A Thousand Steps

A Thousand Steps
A Thousand Steps by T. Jefferson Parker

Thursday, November 30, 2017

New People by Danzy Senna- Feature and Review


From the bestselling author of Caucasia, a subversive and engrossing novel of race, class and manners in contemporary America.

As the twentieth century draws to a close, Maria is at the start of a life she never thought possible. She and Khalil, her college sweetheart, are planning their wedding. They are the perfect couple, "King and Queen of the Racially Nebulous Prom." Their skin is the same shade of beige. They live together in a black bohemian enclave in Brooklyn, where Khalil is riding the wave of the first dot-com boom and Maria is plugging away at her dissertation, on the Jonestown massacre. They've even landed a starring role in a documentary about "new people" like them, who are blurring the old boundaries as a brave new era dawns. Everything Maria knows she should want lies before her--yet she can't stop daydreaming about another man, a poet she barely knows. As fantasy escalates to fixation, it dredges up secrets from the past and threatens to unravel not only Maria's perfect new life but her very persona.

Heartbreaking and darkly comic, New People is a bold and unfettered page-turner that challenges our every assumption about how we define one another, and ourselves.



New PeopleNew People by Danzy Senna
My rating: 4 of 5 stars

New People by Senna Danzy is a 2017 Riverhead Books publication.

Unconventional, a little disturbing, but thought provoking and exceptionally written-

Despite its brevity, this book packs a potent punch, written in a quirky, offbeat prose, that captured my attention and forced me to stay focused.

The novel is, without a doubt, about race. ‘New People’ meaning ‘biracial'. However, there is more to the story than meets the eye.

Maria and her fiancĂ© Khalil are both biracial- Maria’s adoptive mother was black, but Maria is very fair skinned, as is Khalil, whose background is eclectic.

Maria is doing her dissertation on the ‘Jonestown Massacre’, while planning her wedding. But, her relationship with Khalil is tested when she develops a crush on a poet, who is not biracial. Suddenly, her stable life becomes very erratic as she searches for that elusive something that remains just out of reach.

The book is almost satirical at times, has a wry sense of humor, but is also very tense. Maria has a dark secret she’s kept from Khalil and she practically stalks her ‘crush’, as well as exhibiting a few other very odd behaviors that had me sitting on the edge of my seat.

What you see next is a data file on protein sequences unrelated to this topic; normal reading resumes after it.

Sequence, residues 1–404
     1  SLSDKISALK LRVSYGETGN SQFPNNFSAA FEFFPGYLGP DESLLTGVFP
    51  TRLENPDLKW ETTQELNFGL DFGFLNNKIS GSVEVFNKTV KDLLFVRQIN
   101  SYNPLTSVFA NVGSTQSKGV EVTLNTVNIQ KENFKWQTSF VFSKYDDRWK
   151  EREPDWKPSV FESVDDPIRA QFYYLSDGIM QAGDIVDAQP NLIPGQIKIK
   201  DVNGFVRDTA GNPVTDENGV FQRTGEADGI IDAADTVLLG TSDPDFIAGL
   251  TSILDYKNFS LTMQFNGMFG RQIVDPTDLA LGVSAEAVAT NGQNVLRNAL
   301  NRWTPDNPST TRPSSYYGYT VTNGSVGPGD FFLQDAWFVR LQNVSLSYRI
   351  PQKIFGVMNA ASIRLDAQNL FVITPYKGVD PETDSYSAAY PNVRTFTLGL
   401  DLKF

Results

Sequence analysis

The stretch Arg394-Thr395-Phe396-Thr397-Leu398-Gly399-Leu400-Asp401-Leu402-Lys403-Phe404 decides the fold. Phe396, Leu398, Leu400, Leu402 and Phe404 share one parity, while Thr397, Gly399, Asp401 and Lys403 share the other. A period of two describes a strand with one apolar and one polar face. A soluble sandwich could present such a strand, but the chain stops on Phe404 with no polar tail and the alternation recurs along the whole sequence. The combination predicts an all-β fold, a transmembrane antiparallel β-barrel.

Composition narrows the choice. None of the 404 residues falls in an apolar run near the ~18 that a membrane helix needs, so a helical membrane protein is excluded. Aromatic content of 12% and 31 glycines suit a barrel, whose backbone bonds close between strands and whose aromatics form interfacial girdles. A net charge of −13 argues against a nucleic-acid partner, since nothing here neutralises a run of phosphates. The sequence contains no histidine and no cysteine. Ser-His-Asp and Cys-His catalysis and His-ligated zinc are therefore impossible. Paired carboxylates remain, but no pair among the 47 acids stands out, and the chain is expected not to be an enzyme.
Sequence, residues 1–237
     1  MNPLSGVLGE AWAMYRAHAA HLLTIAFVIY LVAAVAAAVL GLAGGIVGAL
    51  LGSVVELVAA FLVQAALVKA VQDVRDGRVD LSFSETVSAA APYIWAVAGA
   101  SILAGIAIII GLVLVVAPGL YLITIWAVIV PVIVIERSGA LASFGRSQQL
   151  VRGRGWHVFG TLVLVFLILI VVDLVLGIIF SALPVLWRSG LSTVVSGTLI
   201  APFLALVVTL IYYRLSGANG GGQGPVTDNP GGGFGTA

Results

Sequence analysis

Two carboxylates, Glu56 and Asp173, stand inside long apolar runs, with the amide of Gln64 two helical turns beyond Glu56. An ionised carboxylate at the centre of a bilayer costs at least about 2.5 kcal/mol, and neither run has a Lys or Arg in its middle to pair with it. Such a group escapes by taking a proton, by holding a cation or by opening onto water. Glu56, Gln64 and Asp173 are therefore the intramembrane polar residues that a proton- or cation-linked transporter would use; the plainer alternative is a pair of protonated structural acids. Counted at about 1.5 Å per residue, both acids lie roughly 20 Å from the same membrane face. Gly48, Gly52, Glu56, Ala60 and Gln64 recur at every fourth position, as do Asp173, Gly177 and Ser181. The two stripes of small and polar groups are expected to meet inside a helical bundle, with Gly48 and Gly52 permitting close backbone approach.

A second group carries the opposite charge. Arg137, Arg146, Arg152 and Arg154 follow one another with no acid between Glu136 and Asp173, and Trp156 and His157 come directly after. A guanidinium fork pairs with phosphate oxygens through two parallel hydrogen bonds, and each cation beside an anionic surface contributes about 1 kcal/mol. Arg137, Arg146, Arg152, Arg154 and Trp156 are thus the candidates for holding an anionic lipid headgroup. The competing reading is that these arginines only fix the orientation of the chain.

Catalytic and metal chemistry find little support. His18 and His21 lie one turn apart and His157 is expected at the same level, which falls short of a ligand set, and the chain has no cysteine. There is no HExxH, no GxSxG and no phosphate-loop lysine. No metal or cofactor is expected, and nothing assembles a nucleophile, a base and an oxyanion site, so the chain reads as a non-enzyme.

Maria is the prominent character, the one whose narrative we follow as she sends herself down a path of self-discovery, a very risky journey that could upend her life as she knows it. She is a most unusual person, not necessarily a likeable young lady, or someone I felt I could bond with or feel empathy towards, but I found her choices almost hypnotic. At times I couldn’t bear to watch and at others I couldn’t bear to look away. I had to see what, if any, consequences or repercussions there would be for her actions.

The Jonestown topic runs in the background as it harkens back to the themes that brought the cult followers to such a point in their lives and is juxtaposed against the attitudes that came about in the nineties, especially in campus life. It’s an interesting force in Maria’s search for her own identity.

The ending is a bit abrupt. Khalil appears oblivious to Maria’s angst or past sins, so we are left to wonder if Maria’s thirst has been quenched or if her search will continue or evolve to include her fiancĂ©.

I found Maria to be one of the most interesting characters I’ve been introduced to recently and this book did make me stop and think about many of the topics addressed here, even days after finishing the novel.

I enjoyed the style of writing, and the refreshing change of pace this book provided. This is my first book by this author, but I will definitely keep an eye out for her work in the future.






Danzy Senna is an American novelist, born and raised in Boston, Massachusetts in 1970. Her parents, Carl Senna, an Afro-Mexican poet and author, and Fanny Howe, who is Irish-American writer, were also civil rights activists.

She attended Stanford University and received an MFA from the University of California at Irvine. There, she received several creative writing awards.

Her debut novel, Caucasia (later republished as From Caucasia With Love), was well received and won several awards including the Book-Of-The-Month Stephen Crane Award for First Fiction, and the Alex Award from the American Library Association.

Her second novel, Symptomatic, was also well received. Both books feature a biracial protagonist and offer a unique view on life from their perspective. 

Senna has also contributed to anthologies such as Gumbo.

In 2002, Senna received the Whiting Writers Award and in 2004 was named a Fellow for the New York Public Library's Cullman Center for Scholars and Writers.

Danzy Senna is married to fellow writer Percival Everett and they have a son, Henry together. Their residences have included Los Angeles and New York City.

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